I went back and forth with putting Cousins in the second tier after a second-straight franchise record season with the Redskins. If he does it again this season after losing top targets DeSean Jackson and Pierre Garcon in free agency, he’ll be there soon enough.
Tier 2, “Top pros and proven winners,” would have placed Cousins beside the likes of Matt Ryan, Eli Manning, Phillip Rivers, Derek Carr, Matthew Stafford, and Tony Romo. Tier 4 categorizes him with Andy Dalton, Tyrod Taylor, and Ryan Tannehill.
Even though Cousins finished the season with 4,917 yards and 25 touchdowns, the fact remains the Redskins didn’t get to the playoffs. They had more than enough chances and talent to make that happen. Cousins blew any talks of a long-term contract throwing that interception in what would be the Redskins’ final game of the season. On top of that, they lost against the New York Giants.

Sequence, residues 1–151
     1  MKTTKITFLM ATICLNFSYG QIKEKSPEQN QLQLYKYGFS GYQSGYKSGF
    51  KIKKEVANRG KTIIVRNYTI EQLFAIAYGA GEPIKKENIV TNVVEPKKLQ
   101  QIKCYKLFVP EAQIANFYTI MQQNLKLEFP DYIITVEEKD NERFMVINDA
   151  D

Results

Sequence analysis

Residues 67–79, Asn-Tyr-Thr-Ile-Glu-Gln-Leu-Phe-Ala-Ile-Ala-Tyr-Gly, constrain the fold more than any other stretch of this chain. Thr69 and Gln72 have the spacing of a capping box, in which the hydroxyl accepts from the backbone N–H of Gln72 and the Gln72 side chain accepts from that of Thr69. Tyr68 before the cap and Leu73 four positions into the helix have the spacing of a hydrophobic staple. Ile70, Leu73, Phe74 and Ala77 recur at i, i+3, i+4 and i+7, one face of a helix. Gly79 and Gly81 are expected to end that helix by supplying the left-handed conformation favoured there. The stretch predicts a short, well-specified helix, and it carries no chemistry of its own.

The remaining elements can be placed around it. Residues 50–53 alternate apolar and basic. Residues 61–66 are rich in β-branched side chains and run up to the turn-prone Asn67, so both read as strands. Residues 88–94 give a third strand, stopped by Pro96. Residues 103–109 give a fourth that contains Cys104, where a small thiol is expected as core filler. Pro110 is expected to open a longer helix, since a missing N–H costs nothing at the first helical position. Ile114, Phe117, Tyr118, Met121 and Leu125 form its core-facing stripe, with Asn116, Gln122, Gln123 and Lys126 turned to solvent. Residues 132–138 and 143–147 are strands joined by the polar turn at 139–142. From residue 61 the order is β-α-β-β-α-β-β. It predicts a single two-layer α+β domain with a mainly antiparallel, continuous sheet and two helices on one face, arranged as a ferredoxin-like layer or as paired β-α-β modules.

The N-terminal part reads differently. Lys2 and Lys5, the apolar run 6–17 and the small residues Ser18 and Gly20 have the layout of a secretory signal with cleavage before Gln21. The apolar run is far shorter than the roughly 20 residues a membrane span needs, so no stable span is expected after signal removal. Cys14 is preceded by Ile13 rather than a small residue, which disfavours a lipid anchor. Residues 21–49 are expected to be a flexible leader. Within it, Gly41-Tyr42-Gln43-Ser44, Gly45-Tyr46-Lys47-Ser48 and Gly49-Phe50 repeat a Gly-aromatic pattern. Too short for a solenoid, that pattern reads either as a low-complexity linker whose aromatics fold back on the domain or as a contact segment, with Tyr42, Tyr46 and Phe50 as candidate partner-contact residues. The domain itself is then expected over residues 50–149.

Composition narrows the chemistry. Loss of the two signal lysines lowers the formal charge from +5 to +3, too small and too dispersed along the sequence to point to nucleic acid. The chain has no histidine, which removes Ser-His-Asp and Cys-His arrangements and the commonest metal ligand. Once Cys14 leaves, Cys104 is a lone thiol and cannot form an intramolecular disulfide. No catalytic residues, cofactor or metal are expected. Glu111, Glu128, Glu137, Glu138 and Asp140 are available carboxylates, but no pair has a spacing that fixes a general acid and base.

Yes, you can win with Cousins. Is he a star to Redskins fans? Yes. Is he a topic of league conversation? No. In comparison to other quarterbacks, he’s a role player. The difference in thinking he’s such and seeing him treated like a role player is heartbreaking.
Cousins remains below the radar of concern, but slightly above the bar of quarterback respect. Opposing teams know that, at any moment, their game could be a record-breaking game for him. At the same time, they know with a certain amount of pressure, he will make that mistake.
This is why head coach Jay Gruden has given him a new challenge for the 2017 season: Be more than a player: Be a coach. If he can answer that call from his head coach, categorizing Kirk Cousins will be impossible.